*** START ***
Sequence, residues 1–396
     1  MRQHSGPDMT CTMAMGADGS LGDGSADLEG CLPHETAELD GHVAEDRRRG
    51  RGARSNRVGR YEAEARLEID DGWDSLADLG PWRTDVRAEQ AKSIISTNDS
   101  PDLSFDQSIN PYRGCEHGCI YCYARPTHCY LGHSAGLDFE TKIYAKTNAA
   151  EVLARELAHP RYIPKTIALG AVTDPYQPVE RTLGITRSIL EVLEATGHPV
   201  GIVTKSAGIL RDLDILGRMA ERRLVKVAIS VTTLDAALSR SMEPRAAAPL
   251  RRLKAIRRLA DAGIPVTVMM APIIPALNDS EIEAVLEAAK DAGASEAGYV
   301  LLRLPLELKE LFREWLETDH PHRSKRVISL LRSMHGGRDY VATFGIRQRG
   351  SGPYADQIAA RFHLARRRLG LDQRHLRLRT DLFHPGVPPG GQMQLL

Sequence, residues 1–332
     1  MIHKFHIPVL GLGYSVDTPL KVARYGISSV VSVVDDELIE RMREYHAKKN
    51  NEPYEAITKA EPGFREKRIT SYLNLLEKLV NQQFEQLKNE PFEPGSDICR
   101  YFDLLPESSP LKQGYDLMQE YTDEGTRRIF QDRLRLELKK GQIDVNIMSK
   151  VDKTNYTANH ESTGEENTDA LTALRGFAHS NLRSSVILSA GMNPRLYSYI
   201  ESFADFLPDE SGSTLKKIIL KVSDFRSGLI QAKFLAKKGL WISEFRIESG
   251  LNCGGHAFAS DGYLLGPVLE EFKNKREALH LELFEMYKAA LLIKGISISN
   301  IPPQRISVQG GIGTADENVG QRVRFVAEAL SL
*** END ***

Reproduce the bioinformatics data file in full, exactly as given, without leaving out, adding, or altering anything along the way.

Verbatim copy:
Sequence, residues 1–396
     1  MRQHSGPDMT CTMAMGADGS LGDGSADLEG CLPHETAELD GHVAEDRRRG
    51  RGARSNRVGR YEAEARLEID DGWDSLADLG PWRTDVRAEQ AKSIISTNDS
   101  PDLSFDQSIN PYRGCEHGCI YCYARPTHCY LGHSAGLDFE TKIYAKTNAA
   151  EVLARELAHP RYIPKTIALG AVTDPYQPVE RTLGITRSIL EVLEATGHPV
   201  GIVTKSAGIL RDLDILGRMA ERRLVKVAIS VTTLDAALSR SMEPRAAAPL
   251  RRLKAIRRLA DAGIPVTVMM APIIPALNDS EIEAVLEAAK DAGASEAGYV
   301  LLRLPLELKE LFREWLETDH PHRSKRVISL LRSMHGGRDY VATFGIRQRG
   351  SGPYADQIAA RFHLARRRLG LDQRHLRLRT DLFHPGVPPG GQMQLL

Sequence, residues 1–332
     1  MIHKFHIPVL GLGYSVDTPL KVARYGISSV VSVVDDELIE RMREYHAKKN
    51  NEPYEAITKA EPGFREKRIT SYLNLLEKLV NQQFEQLKNE PFEPGSDICR
   101  YFDLLPESSP LKQGYDLMQE YTDEGTRRIF QDRLRLELKK GQIDVNIMSK
   151  VDKTNYTANH ESTGEENTDA LTALRGFAHS NLRSSVILSA GMNPRLYSYI
   201  ESFADFLPDE SGSTLKKIIL KVSDFRSGLI QAKFLAKKGL WISEFRIESG
   251  LNCGGHAFAS DGYLLGPVLE EFKNKREALH LELFEMYKAA LLIKGISISN
   301  IPPQRISVQG GIGTADENVG QRVRFVAEAL SL